Our study is unique in the number of patients with SLE included and in the use of multiple relevant control groups. Whereas most studies investigate differences in biomarkers between diseased and healthy controls, our study contains healthy controls as well as all three groups of patients visiting the outpatient clinic: patients with SLE, patients with another IMID and patients with signs and symptoms, but who cannot be diagnosed with a circumscriptive diagnosis. Although these patients do not receive a diagnosis, we show that there are clear differences in their serological profile compared with healthy blood donors, most clearly exemplified by the differences in presence of anti-Ro and anti-La antibodies. We argue that in studies investigating the diagnostic characteristics of autoantibodies, it would be most helpful to compare patients with SLE with patients who visit the outpatient clinic but do not receive a diagnosis, rather than from healthy controls, because this will provide more insight into the clinical relevancy.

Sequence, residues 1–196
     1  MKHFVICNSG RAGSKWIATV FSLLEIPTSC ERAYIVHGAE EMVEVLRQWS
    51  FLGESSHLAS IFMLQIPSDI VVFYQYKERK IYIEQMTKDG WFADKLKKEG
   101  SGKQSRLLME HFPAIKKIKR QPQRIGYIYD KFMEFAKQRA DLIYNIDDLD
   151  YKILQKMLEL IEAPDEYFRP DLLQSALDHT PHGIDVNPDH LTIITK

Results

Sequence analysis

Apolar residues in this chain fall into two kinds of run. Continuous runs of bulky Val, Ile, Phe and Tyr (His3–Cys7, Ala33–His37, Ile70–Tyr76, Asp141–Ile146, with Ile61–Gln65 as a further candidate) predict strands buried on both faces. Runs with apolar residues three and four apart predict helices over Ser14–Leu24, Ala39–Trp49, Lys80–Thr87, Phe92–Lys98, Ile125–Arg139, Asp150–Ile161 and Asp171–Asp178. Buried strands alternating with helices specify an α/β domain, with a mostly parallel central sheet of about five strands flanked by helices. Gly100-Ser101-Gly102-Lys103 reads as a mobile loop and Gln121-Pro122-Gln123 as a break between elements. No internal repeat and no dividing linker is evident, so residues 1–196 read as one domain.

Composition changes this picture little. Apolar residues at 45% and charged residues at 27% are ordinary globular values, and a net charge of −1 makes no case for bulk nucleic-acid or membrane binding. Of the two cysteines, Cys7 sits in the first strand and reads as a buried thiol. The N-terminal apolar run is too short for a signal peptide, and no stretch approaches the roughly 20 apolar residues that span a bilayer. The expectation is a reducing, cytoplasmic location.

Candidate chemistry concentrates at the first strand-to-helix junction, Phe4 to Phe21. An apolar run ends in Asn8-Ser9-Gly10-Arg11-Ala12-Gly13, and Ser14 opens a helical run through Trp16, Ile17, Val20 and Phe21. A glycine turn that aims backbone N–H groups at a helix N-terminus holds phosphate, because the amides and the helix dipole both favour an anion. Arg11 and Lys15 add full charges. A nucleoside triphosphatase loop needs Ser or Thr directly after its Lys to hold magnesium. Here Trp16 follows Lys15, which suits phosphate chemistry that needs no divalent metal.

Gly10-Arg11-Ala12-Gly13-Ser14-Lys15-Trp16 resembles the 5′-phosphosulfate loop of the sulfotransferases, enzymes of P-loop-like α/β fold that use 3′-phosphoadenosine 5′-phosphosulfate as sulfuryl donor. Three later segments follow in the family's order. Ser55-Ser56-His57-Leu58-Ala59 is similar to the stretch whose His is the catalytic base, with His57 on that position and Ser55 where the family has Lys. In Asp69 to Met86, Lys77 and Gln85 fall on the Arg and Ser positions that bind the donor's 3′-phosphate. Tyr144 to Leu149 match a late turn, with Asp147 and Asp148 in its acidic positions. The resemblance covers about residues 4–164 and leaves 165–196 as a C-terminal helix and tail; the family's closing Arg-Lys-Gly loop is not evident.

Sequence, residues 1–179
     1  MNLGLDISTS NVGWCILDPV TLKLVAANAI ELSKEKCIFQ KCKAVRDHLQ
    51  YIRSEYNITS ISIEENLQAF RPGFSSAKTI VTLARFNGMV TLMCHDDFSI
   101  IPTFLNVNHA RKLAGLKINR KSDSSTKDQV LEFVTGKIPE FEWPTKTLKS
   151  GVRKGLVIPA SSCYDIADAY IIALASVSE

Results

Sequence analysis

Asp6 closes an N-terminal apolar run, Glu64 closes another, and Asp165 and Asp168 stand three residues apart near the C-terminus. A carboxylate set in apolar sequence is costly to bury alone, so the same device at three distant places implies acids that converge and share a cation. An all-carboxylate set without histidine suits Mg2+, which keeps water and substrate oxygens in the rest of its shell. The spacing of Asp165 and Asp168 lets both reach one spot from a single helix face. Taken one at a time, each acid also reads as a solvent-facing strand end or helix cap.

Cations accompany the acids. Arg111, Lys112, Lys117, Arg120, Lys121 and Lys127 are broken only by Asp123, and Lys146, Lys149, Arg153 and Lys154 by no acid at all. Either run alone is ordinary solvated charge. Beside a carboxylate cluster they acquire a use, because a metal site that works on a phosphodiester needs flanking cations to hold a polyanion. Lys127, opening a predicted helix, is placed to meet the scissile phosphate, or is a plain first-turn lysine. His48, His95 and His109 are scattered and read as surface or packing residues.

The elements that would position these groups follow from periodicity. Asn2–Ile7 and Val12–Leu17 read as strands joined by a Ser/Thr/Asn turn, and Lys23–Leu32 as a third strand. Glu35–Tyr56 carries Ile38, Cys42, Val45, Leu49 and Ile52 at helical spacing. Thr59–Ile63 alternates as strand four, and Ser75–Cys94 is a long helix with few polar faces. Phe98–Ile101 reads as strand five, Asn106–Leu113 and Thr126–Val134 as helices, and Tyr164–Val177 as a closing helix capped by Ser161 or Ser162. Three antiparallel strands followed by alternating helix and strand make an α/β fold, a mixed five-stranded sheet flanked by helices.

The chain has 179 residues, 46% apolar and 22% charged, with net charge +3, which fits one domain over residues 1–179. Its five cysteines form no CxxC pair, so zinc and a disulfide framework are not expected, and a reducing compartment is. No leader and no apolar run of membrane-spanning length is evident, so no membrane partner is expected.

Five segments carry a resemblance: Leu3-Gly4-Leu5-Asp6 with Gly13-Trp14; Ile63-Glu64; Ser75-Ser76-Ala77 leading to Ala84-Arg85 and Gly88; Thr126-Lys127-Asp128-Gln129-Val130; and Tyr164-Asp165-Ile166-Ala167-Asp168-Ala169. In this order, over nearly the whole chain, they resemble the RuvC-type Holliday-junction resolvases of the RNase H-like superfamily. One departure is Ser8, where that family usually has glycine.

Our study has several strengths: We used a dedicated custom microarray system to study the presence of autoantibodies in a large cohort of patients with SLE, which we compared with multiple relevant control groups. All autoantibodies included on this microarray system have been reported to be present in serum of patients with SLE in one or more studies (see online supplemental table 1). Furthermore, intra-observer and inter-observer variability are known to occur in review of medical records in patients with SLE.29 In our study, we removed this variability by assessing all relevant information in an automatised and therefore uniform manner.